Regarding the question about whether the guard could have defeated the motion detectors and whether the guard could have gotten past it, I want to comment. I was the security consultant to the museum prior to the theft and had made recommendations for security improvements which the museum intended to correct in an upcoming renovation that subsequently did not occur due to the theft. I was called in to talk to the FBI briefly (in spite of the fact that they were not at all interested in talking to me). My firm consults with hundreds of museums, designs high tech security systems for museums, I was very familiar with the brand of security system the museum used, and had extensive experience in testing alarm systems for museums. During my visit to the museum after the theft, I tested the two motion detectors that were involved in the protection of the Manet and could not get past them. I crawled on my belly on the floor, moved at varying speeds during different tests, crawled under tables, and tried every trick I knew and the detectors caught me every time. I new the detector model to be state of the art at the time and highly reliable and I asked the manufacturer what the mathematical chance that they had failed momentarily could be. I don't recall the numbers but they were well over one in a million. This means that someone would have to have defeated one detector twice (in and out) or two detectors once each (pass through one door and out another). It seems to me that defeating the detectors would be virtually impossible.

Knowing what I know about detectors in general I can say that the guard could not have defeated the detector by any known means such as masking them without activating the detector in doing so or in removing the mask from the device or leaving evidence which I did not find. The detectors were electronically supervised so disconnection was not possible without causing an alarm. Turning them off would create a record.  Nevertheless, someone entered the room and removed a painting. This tells me that it possibly had been removed by someone before the alarms were activated or by a guard who was authorized to move through the gallery on patrol although I have no knowledge as to whether this happened and am not making accusations or implying guilt of anyone.

I have always felt that this was an inside job. I have my own idea of who did it, or at least who on the museum's staff could have been involved but I was never given an opportunity to learn enough inside facts to know if my theory is possible or not. Since I can't prove my theory I can't say more. But I feel that if the FBI interviewed everyone as poorly as they interviewed me, it's no wonder this remains unsolved. As a former police Detective in a major city and someone who knew infinitey more than they did about art crimes, I felt that they were not interested in what I might be able to tell them because they knew it all already. This may be unfair to the investigative team in general but when I offered my theory they simply told me that it was not possible and had been ruled out. As I recall, they cited polygraph evidence to discount my theory and just blew off my other advice and questions.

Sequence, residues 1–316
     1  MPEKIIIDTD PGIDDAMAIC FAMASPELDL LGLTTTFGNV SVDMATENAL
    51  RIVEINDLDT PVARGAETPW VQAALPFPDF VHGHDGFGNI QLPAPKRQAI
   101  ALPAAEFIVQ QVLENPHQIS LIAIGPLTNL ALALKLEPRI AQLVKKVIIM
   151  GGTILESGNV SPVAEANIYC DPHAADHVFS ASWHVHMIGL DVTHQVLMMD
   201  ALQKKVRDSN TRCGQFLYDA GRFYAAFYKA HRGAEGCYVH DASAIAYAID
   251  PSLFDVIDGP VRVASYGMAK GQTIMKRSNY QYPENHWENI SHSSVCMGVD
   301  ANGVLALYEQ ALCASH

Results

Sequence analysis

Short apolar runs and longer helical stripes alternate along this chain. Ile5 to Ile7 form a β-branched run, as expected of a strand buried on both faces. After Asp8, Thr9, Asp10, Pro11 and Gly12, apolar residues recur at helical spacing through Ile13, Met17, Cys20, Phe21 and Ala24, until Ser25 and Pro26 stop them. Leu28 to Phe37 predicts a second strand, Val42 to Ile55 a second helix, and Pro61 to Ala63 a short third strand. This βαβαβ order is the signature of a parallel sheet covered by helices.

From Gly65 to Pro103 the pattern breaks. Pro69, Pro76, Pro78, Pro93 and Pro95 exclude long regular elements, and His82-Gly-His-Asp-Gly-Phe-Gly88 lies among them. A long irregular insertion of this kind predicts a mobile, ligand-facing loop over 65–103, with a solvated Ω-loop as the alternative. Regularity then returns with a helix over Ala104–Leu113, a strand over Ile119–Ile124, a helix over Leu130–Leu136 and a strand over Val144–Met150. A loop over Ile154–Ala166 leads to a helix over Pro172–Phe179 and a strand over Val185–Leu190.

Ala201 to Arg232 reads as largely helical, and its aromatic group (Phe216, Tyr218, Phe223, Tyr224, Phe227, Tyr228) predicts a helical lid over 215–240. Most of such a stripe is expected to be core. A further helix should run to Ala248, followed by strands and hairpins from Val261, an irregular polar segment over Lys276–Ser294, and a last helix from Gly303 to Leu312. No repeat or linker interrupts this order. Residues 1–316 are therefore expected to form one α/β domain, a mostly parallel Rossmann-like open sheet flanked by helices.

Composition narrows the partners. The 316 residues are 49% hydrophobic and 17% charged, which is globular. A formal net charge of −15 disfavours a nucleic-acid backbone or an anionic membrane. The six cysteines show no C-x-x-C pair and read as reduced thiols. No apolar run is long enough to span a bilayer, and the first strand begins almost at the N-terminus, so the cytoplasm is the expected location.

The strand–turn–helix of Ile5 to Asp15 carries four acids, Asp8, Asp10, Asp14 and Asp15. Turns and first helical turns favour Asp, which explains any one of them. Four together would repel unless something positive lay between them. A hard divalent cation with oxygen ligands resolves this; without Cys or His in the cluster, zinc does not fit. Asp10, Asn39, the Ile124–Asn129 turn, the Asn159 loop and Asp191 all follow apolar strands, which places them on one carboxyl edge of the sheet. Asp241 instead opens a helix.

Which guard patrolled and which sat at the desk monitoring alarms and CCTV? Which guard was tied up most distant from the exit door and which was tied up nearest the exit door and might have actually exited during the theft to help the crooks? Which guard passed the polygraph exam and which, if any, had a questionable exam? Are there any common denominators here? I don't know. I'm just asking. Did one guard fit the "profile" of a guard and one did not, such as being overqualified? Again, I don't know but it would be interesting to explore these questions. If the guards are innocent they deserve to have their names cleared.

 Finally, I do not believe in the Dr. No Theory. Certainly it is possible but I feel it is unlikely. People steal masterpieces primarily for one reason--to extort them back to the museum or insurer, the one thing they really couldn't do in this case until much too late to not get caught. Art criminals hope that the theft will be kept secret until they sell the art back to the museum for a ransom in a quick quiet transaction. 

In nearly every major art theft I have been involved with, someone who was not involved tried to scam the museum into giving them money even though they didn't have the art. It is common.

Good interview. I plan to read the book. 

Steve Keller

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Posted: March 25 2009 at 3:32 AM